Ways to get to Glastonbury and major sporting events amid rail strike chaos

The rail strikes are set to cause chaos for thousands of commuters next week as workers protest against pay conditions.

Royal Maritime and Transport union (RMT) members are walking out next week and it has caused arguments in Westminster, as well as people worried about their commute for big events next week.

Around 50,000 workers are set to strike across Network Rail on the first day of the strikes. This means some trains will be running, but they will be at a limited capacity.

It is estimated a total of 4,500 services, compared with the usual 20,000, will be running across the strike days.

RMT members are striking due to "pay freezes, threats to jobs and attacks on their terms and conditions".

Those with tickets already who have been affected by strikes can expect a refund, according to the Rail Delivery Group

When are the rail strikes?

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The rail strikes by the RMT will be on June 21, 23 and 25,

The Aslef strikes in Greater Anglia will be on June 23, Hull Trains on June 26 and Croydon Tramlink will be on June 28, 29 and July 13 and 14.

London Underground strikes are scheduled for June 21.

Train services that are running will be on between 7.30am and 6:30pm.

Where are the rail strikes?

Rail strikes are country-wide, so you can expect to be affected by strikes near you.

The following lines will be affected:

  • Chiltern Railways
  • Cross Country Trains
  • Greater Anglia
  • LNER
  • East Midlands Railway
  • c2c
  • Northern Trains
  • South Eastern
  • South Western Railway
  • Great Western Railway
  • TransPennine Express
  • Avanti West Coast
  • West Midlands Trains

What events will be affected by the rail strikes?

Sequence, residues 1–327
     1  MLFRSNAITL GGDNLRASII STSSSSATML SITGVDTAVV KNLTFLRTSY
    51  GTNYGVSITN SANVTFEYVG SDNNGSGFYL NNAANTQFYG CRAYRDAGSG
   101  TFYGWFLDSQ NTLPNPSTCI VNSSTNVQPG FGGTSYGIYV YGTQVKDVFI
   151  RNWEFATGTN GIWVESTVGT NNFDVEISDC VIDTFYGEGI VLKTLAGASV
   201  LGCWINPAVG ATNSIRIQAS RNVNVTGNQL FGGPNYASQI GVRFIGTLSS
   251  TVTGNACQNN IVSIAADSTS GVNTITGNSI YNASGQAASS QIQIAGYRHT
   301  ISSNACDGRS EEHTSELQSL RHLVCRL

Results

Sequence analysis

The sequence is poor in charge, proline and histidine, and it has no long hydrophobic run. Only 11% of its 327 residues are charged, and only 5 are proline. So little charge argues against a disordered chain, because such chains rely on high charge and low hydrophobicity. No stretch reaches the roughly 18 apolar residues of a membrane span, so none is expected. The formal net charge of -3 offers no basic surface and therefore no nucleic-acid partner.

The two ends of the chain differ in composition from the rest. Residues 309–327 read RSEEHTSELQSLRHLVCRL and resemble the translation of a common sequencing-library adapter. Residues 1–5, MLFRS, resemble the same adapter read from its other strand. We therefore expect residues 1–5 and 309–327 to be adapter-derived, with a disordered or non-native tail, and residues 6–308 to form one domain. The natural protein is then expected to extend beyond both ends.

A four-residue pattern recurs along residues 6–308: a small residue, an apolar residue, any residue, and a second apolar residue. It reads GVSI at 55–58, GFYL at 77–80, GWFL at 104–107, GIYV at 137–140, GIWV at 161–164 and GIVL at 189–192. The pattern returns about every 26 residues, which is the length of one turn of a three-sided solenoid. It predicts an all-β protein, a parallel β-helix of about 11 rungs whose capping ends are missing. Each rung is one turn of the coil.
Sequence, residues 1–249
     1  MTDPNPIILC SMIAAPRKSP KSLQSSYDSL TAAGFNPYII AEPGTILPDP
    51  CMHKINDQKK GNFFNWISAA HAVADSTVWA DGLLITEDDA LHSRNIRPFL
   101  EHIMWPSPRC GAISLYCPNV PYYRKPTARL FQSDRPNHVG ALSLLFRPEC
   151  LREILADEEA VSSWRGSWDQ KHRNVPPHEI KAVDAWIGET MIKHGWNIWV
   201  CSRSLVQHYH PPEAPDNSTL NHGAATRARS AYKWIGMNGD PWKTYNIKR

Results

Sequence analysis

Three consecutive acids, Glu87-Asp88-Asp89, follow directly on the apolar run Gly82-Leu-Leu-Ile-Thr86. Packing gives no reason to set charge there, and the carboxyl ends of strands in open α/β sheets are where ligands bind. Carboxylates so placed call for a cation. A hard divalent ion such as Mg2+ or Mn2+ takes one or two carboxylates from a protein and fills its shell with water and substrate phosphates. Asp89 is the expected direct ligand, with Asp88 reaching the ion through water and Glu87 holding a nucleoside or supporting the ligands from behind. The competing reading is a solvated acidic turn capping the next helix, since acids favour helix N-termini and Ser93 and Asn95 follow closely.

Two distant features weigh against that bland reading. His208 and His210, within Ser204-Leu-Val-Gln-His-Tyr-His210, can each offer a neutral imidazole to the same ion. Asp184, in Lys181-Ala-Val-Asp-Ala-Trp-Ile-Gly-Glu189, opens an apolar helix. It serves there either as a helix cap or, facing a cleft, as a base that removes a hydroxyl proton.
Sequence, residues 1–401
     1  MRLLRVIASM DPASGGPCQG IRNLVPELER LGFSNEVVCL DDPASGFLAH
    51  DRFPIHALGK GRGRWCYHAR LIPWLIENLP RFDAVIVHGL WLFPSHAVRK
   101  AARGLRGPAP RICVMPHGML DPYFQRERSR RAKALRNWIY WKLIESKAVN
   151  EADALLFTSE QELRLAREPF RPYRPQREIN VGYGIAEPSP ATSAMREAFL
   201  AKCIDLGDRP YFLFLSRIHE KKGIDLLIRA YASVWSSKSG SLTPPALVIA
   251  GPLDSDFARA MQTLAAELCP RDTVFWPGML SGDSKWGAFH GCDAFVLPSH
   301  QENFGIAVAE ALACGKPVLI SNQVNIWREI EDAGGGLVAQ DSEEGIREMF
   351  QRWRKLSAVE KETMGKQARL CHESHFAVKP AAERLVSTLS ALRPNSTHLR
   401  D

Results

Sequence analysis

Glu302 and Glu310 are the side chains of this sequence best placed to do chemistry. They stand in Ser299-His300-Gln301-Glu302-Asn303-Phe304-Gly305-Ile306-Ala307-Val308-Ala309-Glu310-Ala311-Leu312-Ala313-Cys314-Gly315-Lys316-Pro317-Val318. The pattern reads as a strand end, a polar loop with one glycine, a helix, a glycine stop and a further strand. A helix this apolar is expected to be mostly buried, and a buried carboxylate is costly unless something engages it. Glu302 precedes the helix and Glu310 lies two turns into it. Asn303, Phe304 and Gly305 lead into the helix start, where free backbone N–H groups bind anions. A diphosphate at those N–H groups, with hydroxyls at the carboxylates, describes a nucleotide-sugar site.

Major events like Glastonbury in the South West will be affected by the rail strikes, as will those hoping to watch the cricket at Headingly.

The strikes have a knock-on effect as people choose alternative forms of transport, making buses busier and roads more chocka thanks to more cars on the road. It means alternative routes can be difficult to follow.

For Glastonbury, people are being advised to get to Bristol if they can and take a direct shuttle bus, while there are also National Express coaches that vary in terms of space and price, depending on where you are travelling from.

Some are even being encouraged to cycle to Glastonbury.

Those travelling to Headingley for the third England vs New Zealand test match should note that Arriva buses are also cancelled. Disruption is also expected on non-strike days.

The British Athletics Championships in is also in Manchester between June 24 and 26, while Elton John and the Rolling Stones play on June 24 and 25 respectively.

People will also be coming back from the Isle of Wight festival next week, though the Island Line voted against strike action.

Those going to these events should check alternative routes first and make other travel arrangements.

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